Rural crime continues to fall in Northern Ireland
The cost of rural crime has continued to decrease in Northern Ireland following a sharp drop at the beginning of the pandemic.
The 2022 Rural Crime Report revealed rural theft cost Northern Ireland an estimated £1.7m in 2021, down from £2.1m in 2021. The Northern Ireland reduction is greater than the UK average drop of 9.3% in 2021 and signs so far this year look like Northern Ireland is curbing countryside crime.
We must not become complacent and reports from across the water suggest the first quarter of 2022 has seen thieves in England, Scotland and Wales making up for time lost over the pandemic, but in Northern Ireland the reduction in rural theft continued.
However, shipping delays and the effects of Covid and Brexit have contributed to low supply and a rise in demand for quad bikes and other machinery. Knowing that thieves were keen to capitalise on growing waiting lists and soaring market values, Countryside Alliance Ireland would encourage in rural communities to take part in the various security marking schemes across Northern Ireland to reduce the risk of theft.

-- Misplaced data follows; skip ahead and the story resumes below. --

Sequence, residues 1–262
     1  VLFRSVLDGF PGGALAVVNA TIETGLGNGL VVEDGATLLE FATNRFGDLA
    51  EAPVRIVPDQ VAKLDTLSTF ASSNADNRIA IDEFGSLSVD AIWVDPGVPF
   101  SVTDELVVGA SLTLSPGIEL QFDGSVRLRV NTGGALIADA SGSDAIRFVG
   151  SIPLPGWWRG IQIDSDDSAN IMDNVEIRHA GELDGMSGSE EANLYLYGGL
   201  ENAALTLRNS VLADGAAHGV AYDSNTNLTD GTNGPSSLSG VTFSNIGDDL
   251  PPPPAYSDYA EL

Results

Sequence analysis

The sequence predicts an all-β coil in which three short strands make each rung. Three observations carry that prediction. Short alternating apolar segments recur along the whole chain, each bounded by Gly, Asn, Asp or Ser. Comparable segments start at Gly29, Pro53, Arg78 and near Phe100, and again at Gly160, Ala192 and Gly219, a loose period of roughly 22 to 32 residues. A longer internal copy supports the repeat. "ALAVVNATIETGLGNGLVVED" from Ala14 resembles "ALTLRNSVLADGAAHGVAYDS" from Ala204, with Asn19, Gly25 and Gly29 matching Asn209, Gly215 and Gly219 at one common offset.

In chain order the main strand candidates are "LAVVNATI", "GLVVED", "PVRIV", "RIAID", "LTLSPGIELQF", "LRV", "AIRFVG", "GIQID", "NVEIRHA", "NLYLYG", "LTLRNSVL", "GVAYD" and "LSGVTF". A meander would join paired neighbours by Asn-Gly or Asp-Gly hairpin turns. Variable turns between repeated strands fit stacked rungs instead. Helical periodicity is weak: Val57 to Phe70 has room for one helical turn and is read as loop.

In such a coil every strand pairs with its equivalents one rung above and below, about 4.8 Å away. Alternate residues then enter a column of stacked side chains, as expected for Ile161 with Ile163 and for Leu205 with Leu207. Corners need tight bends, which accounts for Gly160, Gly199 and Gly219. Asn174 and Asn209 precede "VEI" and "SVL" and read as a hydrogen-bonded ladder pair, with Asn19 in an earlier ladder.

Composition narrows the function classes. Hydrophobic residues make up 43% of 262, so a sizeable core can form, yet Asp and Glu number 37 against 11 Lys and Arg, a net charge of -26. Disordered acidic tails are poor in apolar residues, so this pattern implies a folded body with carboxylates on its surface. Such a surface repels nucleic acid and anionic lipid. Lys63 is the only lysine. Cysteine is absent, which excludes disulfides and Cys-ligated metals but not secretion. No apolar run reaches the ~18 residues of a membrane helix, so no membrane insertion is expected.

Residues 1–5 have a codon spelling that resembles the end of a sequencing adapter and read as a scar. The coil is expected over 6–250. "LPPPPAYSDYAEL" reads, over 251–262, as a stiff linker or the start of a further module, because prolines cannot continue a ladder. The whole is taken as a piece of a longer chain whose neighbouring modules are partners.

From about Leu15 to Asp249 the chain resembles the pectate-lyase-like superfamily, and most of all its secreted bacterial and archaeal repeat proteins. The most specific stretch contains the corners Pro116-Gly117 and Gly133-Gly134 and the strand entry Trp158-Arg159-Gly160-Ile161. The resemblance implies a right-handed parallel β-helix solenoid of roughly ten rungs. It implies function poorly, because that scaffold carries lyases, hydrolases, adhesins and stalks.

Countryside Alliance Ireland Director Gary McCartney said: “It is encouraging to see that the cost of rural crime continues to fall across Northern Ireland, however, farms and rural communities are still being targeted. Rural crime is not a victimless crime causing emotional and financial stress to those involved especially at this difficult time as they face unprecedent challenges.”
“We remind rural communities to remain vigilant as we move into the colder, darker nights of Autumn and as the cost of living crisis really starts to bite, we call on those who live in the countryside to ensure possessions are locked away, out of sight, especially those of high value. Take photos of any valuable items and record any details including serial numbers or any identifying features and report any suspicious activity in your area to the PSNI.”